Clearly the decision isn’t ours to make. But we do have an important role to play here. We can create a space where the rules around organizing are followed, one where staff members can make a decision that is well-informed and entirely their own, free from inappropriate pressure or personal criticism. That’s what we’ve aimed to do in the eight months since the unionization effort was announced, and what we will continue to do through an election period.
At times this has been a difficult role to play as tensions among the staff have run high. We’ve tried to tread a path that gives the staff room to make this important decision for themselves.
Here are some ways the leadership has supported this process:
- Bringing in an impartial outside expert on unions for an information session with the staff. Managers were not permitted to attend.
- Providing training for managers with our outside counsel on how to respect the rules around organizing efforts.
- Allowing the organizers to hold events in the office.
- Providing the time and space for staff members to hold two open forums to talk about their experiences and their views on the issues here. Kickstarter’s leadership paid for a neutral moderator selected by the staff, and no managers were present.
- Signing a neutrality agreement that strictly limits its communication with staff members on union matters.
Why did Kickstarter's leadership say it wouldn’t voluntarily recognize the union?
Our staff members have expressed a range of opinions on unionization over the last eight months. A secret-ballot election will fairly and democratically resolve the internal debate and ensure that all voices are heard.
The organizing effort here has been complicated by the fact that some supervisors have been involved in the organizing process. This is highly unusual. It creates an obvious risk that employees will feel pressure from their supervisors, which is why it’s not allowed under labor law. We’ve received complaints from staff members about this.
We have a responsibility to protect the rights of all of our staff members in this process. It's their right to decide if there should be a union at Kickstarter, not ours.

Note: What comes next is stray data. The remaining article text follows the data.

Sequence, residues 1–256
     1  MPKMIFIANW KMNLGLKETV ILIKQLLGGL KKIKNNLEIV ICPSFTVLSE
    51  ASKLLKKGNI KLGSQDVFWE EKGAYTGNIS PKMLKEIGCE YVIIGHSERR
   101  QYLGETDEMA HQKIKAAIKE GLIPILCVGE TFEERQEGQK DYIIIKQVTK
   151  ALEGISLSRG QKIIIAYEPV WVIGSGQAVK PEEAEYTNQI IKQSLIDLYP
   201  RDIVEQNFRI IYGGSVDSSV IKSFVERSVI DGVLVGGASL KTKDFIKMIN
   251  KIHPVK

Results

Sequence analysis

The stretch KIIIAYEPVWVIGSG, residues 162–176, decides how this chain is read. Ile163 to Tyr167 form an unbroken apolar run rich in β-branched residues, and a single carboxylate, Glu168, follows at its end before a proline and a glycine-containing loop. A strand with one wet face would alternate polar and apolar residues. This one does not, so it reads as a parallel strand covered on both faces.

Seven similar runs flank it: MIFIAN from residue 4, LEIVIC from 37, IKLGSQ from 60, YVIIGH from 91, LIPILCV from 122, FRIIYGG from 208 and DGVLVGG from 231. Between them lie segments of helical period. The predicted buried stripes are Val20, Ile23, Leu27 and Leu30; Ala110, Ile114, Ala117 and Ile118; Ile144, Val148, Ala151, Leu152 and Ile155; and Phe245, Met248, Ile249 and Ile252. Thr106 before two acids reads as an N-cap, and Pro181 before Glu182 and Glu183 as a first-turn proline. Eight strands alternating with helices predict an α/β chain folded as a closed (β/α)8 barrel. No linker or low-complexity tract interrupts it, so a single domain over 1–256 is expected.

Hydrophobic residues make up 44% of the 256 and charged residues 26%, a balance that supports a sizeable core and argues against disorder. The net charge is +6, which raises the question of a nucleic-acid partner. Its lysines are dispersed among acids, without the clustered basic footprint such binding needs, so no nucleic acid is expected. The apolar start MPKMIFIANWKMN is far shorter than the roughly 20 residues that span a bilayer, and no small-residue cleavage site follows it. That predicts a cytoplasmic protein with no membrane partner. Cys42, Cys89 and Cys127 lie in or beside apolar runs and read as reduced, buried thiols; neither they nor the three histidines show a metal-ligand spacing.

How has Kickstarter’s leadership responded to concerns raised by the staff since March?
Kickstarter’s leadership has taken steps this year to improve communication, transparency, and trust in the organization. Some of these initiatives were in the works before the organizers announced their effort. Here’s some of what we’ve done:
- A commitment to a more transparent salary framework. We've shared an explanation of our salary bands for engineers with that team, and by the end of the year we'll roll out an updated salary band framework to the full company. [Update: We’ve postponed the introduction of this framework due to legal restrictions ahead of a potential election.]
- Mandatory training for all staff in unconscious bias, anti-harassment and anti-discrimination, along with training on how to keep bias out of the hiring process.
- Regular sharing of the company’s financial performance with the entire staff.
- An improved biannual performance review process with a clear framework for raises, promotions, and feedback on areas for improvement.
We’ve also focused on fostering more transparent and open communication internally, including open Q&A sessions at the end of our all-company meetings, regular email communication from the CEO on the focus and direction of the company, and ‘open houses’ with company leaders.
What are working conditions like for Kickstarter’s staff?
We use market data to determine salaries for all of our employees, ensuring that we are paying fairly and consistently based on people's experience, skills, and responsibilities. We offer all of our staff members 26 vacation days a year. We offer four months of paid parental leave for all new parents, education/wellness/bike stipends, time off for creative and volunteer work, fully paid medical/dental/vision coverage, a flexible work-from-home policy, fresh produce from our rooftop garden, company lunches on Thursdays, and what may be the most beautiful office in all of New York City.